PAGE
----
Astronomer is moving towards the big(ger) data era because of many sky survey technologies. The coming ones include, e.g., LSST, JWST, and WFIRST. By the meaning of survey, it normally means observing the whole sky over a few days, and keep repeating over and over. Also, since most of the surveys are imaging technologies, every pixel in an image is ...

5

I agree that the common explanation of the longitude of periapsis, as the question gave it, appears at first sight to make no sense -- because it constructs a sum of two angles in two different planes, and that seems at first sight to lack geometrical meaning. In fact the fault, if any, is in the explanation rather than in the geometry. It is not so ...

4

The article references a paper by Huo et al. (2004; that's the reference number "33" in your quoted text). Huo et al. merely list a redshift of "0.0103" for Arp 299 in their Table 1 (without any apparent sources); combined with the fact that the authors of the Science paper say what Hubble constant they assumed (73 km/s/Mpc), this tells us that the distance ...

4

The thermal eccentricity distribution was first calculated by Jeans 1919. The probability density function is indeed $$f(e) = 2e.$$ See this blog post for a nice derivation of this beautiful result, which is independent of the "temperature". The derivation relies on a small 'swindle' by assuming a population of only binaries and not any single or trinary ...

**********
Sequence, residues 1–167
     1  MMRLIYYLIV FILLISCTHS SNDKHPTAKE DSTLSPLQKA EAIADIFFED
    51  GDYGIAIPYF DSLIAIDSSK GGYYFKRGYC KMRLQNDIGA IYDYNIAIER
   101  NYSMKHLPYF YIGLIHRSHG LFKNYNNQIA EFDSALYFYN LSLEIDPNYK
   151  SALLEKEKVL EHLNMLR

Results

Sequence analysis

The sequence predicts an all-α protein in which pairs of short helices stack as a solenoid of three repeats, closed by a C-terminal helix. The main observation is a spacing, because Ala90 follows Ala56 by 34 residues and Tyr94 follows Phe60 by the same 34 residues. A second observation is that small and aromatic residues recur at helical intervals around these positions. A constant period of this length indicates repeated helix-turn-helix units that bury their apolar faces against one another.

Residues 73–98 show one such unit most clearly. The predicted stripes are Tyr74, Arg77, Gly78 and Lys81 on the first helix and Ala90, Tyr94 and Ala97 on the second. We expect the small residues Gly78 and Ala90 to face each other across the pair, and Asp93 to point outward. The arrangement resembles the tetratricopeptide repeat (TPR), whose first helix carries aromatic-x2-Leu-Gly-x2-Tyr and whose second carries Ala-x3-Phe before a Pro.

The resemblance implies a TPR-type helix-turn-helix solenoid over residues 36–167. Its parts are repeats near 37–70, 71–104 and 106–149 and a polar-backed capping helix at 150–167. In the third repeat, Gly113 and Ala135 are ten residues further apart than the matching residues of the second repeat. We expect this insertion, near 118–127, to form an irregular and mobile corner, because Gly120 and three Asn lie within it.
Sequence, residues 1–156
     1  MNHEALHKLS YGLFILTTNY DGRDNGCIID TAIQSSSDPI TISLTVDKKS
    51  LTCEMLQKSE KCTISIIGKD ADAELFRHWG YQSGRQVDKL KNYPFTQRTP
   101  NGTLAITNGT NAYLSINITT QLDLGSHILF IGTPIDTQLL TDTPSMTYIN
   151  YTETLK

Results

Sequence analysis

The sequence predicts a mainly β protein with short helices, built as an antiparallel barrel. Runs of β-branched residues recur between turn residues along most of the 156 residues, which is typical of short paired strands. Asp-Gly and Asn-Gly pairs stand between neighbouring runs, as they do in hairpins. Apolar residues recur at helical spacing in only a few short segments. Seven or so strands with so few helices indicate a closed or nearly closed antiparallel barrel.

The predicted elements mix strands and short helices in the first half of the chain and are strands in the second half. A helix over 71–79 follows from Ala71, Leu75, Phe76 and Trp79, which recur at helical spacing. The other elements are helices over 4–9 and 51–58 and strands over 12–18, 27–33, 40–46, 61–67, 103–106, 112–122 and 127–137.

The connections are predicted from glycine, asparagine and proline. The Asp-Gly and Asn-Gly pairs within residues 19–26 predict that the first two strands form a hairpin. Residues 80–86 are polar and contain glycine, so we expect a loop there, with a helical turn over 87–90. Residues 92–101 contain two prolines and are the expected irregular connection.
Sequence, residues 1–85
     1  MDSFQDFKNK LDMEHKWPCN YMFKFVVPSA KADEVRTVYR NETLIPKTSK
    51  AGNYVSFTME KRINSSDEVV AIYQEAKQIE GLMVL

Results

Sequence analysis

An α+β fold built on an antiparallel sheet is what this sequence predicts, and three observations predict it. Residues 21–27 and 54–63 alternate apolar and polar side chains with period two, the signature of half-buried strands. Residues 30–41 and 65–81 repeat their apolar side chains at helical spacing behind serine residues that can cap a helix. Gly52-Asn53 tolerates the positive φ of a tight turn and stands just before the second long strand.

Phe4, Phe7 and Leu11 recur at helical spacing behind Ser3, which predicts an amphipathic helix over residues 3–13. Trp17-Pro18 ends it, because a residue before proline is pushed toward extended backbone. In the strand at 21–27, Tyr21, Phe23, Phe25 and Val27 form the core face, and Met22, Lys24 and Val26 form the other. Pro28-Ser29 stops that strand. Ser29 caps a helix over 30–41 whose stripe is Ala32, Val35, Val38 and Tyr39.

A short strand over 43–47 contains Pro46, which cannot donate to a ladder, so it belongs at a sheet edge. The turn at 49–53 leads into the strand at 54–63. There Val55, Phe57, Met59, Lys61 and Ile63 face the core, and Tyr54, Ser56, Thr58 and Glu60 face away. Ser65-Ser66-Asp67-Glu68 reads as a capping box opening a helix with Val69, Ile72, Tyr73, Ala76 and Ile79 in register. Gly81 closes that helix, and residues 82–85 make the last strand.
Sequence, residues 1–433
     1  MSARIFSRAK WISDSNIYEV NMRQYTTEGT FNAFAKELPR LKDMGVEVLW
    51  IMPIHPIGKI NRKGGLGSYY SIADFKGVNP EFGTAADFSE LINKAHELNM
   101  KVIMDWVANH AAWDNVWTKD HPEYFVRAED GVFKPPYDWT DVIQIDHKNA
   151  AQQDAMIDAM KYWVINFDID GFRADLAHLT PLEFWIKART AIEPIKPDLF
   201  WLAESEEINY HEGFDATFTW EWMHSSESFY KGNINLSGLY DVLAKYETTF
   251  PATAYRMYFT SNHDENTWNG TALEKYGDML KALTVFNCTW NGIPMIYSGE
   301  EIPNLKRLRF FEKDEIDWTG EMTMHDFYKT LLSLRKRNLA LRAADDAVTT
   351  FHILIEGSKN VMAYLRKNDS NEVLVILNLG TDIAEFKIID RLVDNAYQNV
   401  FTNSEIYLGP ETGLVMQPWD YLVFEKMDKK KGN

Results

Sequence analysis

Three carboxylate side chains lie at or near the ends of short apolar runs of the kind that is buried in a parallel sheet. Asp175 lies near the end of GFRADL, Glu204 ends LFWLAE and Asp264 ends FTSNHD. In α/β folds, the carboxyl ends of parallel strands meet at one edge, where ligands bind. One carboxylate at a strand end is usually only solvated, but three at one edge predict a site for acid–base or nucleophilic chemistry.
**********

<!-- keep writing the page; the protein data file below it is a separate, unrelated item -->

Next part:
3

The time it takes the sun to cross the horizon is given at: Expression for length of sunrise/sunset as function of latitude and day-of-year How long does a sunrise or sunset take? Re the time it takes to cross the transit line, this doesn't really answer your question, but, to a good approximation, the time varies between 128 seconds at the equinoxes and ...

3

This is for satellites with unknown size and orientation but known standard magnitude (Standard magnitude can be found on the satellite info page of heavens above, the number is called intrinsic magnitude) The proper formula is double distanceToSatellite = 485; //This is in KM double phaseAngleDegrees = 113.1; //Angle from sun->...

3

I'm an astronomer and I get lots of job offers to retrain as a data scientist, but it might be more tricky to go the other way. Astronomy is definitely a field in which 'big data' is important, and the analysis and visualisation techniques we use every day are probably decades behind what is taught to computer scientists. However, most astronomy software is ...

3